The long-term financial loss to universities and private institutions is predicted to be significant. For universities, the biggest risk will likely be a substantial and sustained drop in international enrolments. International education contributes significantly to the national economy. Indeed, recent figures from the Australian Bureau of Statistics (ABS; 2019) show that, in 2017–18, international education was worth more than $32 billion to the Australian economy, making education the country’s third-biggest export industry. The fates of private institutions are perhaps more closely linked to the overall health of the national economy. In the event of a prolonged financial recession or depression, many potential students could have reasons to re-think, reduce, or pause enrolments. Smaller private training institutes are at particular risk of financial stress as students are more likely to pay fees from their own resources rather than using government fee support. Whether or not there are any “silver linings” of this pandemic for educational institutions remains to be seen.

Shared Vulnerability

This is a difficult time for many of us, professionally and as human beings. In addition to containing our clients’ anxieties, we may also be affected by the fears of our friends and families. Many of us will be observing higher-than-normal levels of stress as our daily routines have been disrupted and our freedoms of action restricted. We are likely to be coping with our own personal reactions to the pandemic, given that we too are living in the same unpredictable world as everyone else, prone to the same uncertainties, worries, and stresses.  In line with what we might say to our clients, it is important that we acknowledge these difficulties and give ourselves permission to feel anger, fear, loss, grief, frustration, and so on. It is also important to acknowledge that this pandemic is impacting all of us differently, and each of us differently at different times; for example, some people feel relieved at being able to follow their own rhythms while the world goes into lockdown. While the long-term harms of COVID-19 are more likely to land on the shoulders of those who are already disadvantaged, there is a way in which this pandemic is having a powerful levelling effect, in which everybody—rich and poor, privileged and marginalised—is at risk. We are all vulnerable, and all in this together. Of course, this is often true, but it is usually easier to ignore the fact.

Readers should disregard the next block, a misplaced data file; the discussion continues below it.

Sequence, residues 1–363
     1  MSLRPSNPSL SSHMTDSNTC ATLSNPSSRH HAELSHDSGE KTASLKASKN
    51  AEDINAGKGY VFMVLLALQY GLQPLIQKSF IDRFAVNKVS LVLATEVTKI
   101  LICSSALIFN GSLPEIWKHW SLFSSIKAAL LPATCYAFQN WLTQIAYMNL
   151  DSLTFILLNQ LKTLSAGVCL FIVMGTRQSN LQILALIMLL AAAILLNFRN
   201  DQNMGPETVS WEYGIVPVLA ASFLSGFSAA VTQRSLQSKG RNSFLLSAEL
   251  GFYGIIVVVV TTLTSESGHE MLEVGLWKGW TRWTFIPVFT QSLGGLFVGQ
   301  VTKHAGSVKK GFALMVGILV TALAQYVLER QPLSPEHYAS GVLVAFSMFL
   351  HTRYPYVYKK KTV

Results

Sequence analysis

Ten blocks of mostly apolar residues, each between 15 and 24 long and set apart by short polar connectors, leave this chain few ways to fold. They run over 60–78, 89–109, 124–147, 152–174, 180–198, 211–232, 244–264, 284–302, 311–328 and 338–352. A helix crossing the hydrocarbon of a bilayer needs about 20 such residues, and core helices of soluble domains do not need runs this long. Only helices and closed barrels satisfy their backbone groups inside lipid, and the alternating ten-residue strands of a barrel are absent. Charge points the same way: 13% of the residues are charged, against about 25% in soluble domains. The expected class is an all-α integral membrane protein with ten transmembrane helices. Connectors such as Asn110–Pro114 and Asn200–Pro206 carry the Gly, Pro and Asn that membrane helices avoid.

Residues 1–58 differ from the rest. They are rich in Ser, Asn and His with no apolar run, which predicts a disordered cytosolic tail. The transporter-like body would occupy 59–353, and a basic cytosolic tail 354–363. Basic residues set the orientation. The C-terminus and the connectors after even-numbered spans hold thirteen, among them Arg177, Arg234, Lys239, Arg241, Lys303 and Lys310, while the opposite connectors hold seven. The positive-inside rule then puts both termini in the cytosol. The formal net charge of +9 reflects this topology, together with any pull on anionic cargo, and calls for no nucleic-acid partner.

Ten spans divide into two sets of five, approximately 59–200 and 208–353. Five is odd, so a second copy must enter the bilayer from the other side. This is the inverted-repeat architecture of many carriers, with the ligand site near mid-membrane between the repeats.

Our hope is that this sense of shared vulnerability carries over into the ways in which we think about, speak about, and define our field. We hope that psychotherapy and counselling further differentiates itself from those positivist disciplines that encourage an othering of those they serve. Othering “implies that the person doing the helping is, and always has been, untouched by difficulties in her own life and that she consequently derives her legitimacy as a helper from never having struggled herself” (Howard, 2010, p. 15). Such othering normally serves to fortify professional identities, defend against anxiety-provoking thoughts and feelings, and enhance practitioners’ own sense of power. Of course, many of us will still find classifications and diagnoses helpful in our professional lives, and it is unlikely we could ever rid ourselves of the tendency to create divisions between “us” and “them,” even if we wanted to. Nonetheless there are vast differences in how different professions and traditions relate to this tendency: some actively temper it, while some have othering firmly built into their philosophies and practices.